I’ve had a busy month publishing a number of pieces, many of which I’ve forgotten to reference in this space.
First, the Roosevelt Institute published a report I’ve been working on for many months “The Sustainable Equitable Trade Doctrine.” It attempts to move the trade policy conversation out of the stalemate it is often in, and looks to new frontiers for international cooperation. Foreign policy geeks may enjoy the deep dive on the history of judicialization of international economic relations: Wilson! Taft! Truman! The gang’s all there.
Second, I’ve written some follow on pieces for Roosevelt Institute’s blog, including one last week that looks at how NAFTA renegotiation might actually work, and another today that looks at some of the quandaries around how and when to use tariffs.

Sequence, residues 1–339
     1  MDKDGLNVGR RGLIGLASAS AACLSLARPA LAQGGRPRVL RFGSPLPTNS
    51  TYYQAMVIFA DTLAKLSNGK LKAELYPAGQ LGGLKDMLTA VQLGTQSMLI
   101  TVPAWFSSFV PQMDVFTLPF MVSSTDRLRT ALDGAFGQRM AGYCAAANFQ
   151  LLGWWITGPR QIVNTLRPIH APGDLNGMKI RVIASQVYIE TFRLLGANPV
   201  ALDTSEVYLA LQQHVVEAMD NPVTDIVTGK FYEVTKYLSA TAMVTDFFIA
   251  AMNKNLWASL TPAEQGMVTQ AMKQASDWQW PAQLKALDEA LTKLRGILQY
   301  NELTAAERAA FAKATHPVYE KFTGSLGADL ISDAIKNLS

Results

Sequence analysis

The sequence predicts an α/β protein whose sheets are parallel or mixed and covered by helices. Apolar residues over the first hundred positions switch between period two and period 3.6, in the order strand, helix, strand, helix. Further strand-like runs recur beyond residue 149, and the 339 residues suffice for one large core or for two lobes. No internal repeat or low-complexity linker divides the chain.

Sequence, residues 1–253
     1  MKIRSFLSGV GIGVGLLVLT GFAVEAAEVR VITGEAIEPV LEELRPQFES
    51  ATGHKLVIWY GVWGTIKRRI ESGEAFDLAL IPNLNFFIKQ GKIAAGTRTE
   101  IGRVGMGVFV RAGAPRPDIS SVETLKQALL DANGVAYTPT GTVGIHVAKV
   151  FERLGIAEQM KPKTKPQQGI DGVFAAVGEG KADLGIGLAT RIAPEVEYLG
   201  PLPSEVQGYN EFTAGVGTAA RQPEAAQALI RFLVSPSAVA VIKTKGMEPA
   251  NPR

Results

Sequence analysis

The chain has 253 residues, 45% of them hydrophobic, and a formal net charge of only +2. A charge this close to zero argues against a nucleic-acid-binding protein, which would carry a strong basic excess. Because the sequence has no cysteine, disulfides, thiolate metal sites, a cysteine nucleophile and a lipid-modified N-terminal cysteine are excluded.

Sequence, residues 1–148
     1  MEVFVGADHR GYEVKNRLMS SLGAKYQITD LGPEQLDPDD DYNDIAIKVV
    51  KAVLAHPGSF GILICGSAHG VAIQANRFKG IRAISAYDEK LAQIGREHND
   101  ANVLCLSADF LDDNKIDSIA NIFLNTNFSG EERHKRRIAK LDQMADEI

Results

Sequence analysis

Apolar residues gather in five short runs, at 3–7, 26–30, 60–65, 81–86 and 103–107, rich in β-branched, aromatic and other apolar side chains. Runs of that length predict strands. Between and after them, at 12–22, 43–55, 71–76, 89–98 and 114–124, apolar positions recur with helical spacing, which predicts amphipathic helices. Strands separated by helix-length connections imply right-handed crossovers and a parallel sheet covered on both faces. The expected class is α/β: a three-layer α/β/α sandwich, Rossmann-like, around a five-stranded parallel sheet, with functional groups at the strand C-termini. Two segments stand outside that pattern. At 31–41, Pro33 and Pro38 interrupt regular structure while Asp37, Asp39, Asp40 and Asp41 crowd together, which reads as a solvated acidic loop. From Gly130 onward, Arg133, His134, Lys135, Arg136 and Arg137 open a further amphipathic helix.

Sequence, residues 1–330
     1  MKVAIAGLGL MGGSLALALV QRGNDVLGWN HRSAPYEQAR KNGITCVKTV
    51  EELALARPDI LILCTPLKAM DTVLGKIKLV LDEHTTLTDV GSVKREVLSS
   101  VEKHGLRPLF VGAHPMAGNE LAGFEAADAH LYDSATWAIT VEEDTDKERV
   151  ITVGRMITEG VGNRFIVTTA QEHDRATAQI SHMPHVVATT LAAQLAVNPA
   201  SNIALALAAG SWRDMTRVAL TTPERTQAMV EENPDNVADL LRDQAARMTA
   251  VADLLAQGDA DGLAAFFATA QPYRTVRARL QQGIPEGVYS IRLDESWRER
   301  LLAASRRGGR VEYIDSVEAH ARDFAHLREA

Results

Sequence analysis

Finally, I guest blogged at the Duck of Minerva site on Monday. I tried to connect some common threads I saw between three recent legal decisions: the U.S. decision on Trump’s second travel ban, an ISDS decision on patents (Eli Lilly v. Canada), and a WTO decision against Washington State’s Boeing subsidies.